The proposal would allow Minnesota high school students to attend their first two years at any public college or university in the state for free. Students would have to graduate in the top 25 percent of their class or have a high score on their college entrance exam. Their family's annual income must be below $150,000.
Gov. Pawlenty says there are too many high school students who are currently coasting to graduation.
"There are lots of warning lights going on on the dashboard in the American high school, in terms of kids being disengaged, disconnected, unmotivated. And this will provide a compelling incentive all the way to the finish line to study hard and finish strong," said Pawlenty.
The proposal would cost $112 million over two years. The governor did not identify how he'd pay for the plan.
Pawlenty says the tuition incentive will keep many of Minnesota's top students from leaving the state for college. His proposal would also provide free tuition in the third and fourth years of college, to give students an incentive to major in critical subject areas.
Susan Heegaard, director of the Minnesota Office of Higher Education, says there are talent shortages in science, technology, engineering and math.
"We know nationally we're seeing fewer and fewer students going into these areas. In our state we're seeing the same thing. And we hope that this generates more interest for students in those disciplines," said Heegaard. "It's really, I would say, an economic development piece of this that we think is very critical for the state."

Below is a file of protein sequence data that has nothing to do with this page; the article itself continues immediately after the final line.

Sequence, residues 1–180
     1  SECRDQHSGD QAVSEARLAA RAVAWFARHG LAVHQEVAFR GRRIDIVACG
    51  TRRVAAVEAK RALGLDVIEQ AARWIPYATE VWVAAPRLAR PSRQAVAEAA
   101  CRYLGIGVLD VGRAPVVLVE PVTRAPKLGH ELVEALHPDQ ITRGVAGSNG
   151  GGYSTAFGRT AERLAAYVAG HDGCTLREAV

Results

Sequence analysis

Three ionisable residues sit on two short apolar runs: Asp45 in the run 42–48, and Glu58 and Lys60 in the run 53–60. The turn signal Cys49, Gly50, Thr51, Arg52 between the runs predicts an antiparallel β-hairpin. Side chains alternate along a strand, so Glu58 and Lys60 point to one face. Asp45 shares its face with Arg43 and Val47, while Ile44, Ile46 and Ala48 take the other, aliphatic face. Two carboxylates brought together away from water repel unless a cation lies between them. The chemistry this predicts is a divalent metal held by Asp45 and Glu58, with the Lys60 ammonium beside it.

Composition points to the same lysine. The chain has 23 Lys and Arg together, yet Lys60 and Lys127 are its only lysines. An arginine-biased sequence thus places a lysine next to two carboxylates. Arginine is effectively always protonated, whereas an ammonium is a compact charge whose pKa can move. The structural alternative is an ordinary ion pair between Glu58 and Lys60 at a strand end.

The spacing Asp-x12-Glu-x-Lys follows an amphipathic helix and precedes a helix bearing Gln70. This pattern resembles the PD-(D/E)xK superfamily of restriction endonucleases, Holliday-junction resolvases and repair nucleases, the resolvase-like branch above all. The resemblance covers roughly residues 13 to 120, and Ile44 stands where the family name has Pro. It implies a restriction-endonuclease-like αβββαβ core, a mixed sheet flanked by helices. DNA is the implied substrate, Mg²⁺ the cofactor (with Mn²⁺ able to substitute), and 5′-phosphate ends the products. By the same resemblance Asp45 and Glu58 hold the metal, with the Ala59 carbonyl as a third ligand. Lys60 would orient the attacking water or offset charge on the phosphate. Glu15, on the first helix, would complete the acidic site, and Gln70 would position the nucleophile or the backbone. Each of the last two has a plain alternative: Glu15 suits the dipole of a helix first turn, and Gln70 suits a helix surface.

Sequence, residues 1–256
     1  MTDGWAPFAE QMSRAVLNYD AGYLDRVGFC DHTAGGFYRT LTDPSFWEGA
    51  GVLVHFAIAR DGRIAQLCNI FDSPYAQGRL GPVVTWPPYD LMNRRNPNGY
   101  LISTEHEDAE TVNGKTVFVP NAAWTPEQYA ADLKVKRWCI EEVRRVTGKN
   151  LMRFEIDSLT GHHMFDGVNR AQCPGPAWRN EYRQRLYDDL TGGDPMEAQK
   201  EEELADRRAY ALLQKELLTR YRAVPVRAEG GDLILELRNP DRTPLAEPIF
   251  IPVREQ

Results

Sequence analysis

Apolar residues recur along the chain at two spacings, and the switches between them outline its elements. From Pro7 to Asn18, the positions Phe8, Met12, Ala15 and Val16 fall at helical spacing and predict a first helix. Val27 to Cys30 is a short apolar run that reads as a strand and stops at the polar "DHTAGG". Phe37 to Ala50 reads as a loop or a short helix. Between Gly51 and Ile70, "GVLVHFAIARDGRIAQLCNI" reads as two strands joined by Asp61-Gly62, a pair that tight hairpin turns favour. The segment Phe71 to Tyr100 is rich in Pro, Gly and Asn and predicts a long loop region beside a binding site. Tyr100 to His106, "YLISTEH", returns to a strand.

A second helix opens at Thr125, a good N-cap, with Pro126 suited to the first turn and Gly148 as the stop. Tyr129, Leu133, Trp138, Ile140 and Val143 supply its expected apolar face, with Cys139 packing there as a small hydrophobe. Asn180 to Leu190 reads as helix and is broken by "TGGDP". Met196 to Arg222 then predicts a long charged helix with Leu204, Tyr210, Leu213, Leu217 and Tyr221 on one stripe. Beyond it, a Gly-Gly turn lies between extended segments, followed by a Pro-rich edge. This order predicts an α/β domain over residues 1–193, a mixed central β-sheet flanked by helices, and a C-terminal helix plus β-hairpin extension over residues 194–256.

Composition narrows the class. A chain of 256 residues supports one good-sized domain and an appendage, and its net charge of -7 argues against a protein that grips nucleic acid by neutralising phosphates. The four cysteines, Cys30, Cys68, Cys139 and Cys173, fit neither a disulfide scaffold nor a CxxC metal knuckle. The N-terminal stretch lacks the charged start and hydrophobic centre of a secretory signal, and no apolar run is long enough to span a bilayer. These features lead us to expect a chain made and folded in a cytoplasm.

Not only did (Pawlenty) cut back on the higher education budget, he gashed it. In 2003, it suffered greatly and it resulted in a direct increase in tuition.
The tuition plan is the first piece of Pawlenty's 2008-'09 budget package. If he's re-elected, and the Legislature approves the plan, it would take effect in the fall of 2007.
The election-year proposal also comes as the Republican governor's main Democratic opponent has been hitting the governor hard on higher education issues. DFL gubernatorial candidate Mike Hatch says tuition costs in Minnesota have jumped 50 percent over the past four years, and he blames Pawlenty.
"Not only did he cut back on the higher education budget, he gashed it," said Hatch. "In 2003, it suffered greatly and it resulted in a direct increase in tuition."
Hatch described the governor's tuition proposal as an election-year gimmick and a case of "foxhole religion."
DFL legislators also questioned the governor's timing, calling the plan "a bullet point for campaign literature." They appeared at a separate news conference with college students who are facing large debts from college loans.
Justin McMartin, a senior at Southwest Minnesota State University, says the governor's proposal is too little, too late.
"There's these three or four years of students that have graduated with these increasing increases in tuition, which this plan doesn't help. And I myself am still going to graduate with $33,000 in debt," said McMartin.
The governor's re-election bid is in full swing, but Pawlenty insists election-year politics were not his inspiration. He says recent tuition increases are not unique to Minnesota. He also expects costs will stabilize.
"Most states, most institutions of higher education, in the last few years have seen significant increases in tuition. But those rates of increase are getting closer to normal or traditional, as the budget pictures have improved," said Pawlenty. "So we anticipate ... a more normal rate of tuition increase for both MnSCU and the U this coming year."
Pawlenty says he's been considering this kind of merit-based tuition program for several years. He says the state's improving budget picture now makes it possible to move the idea forward.
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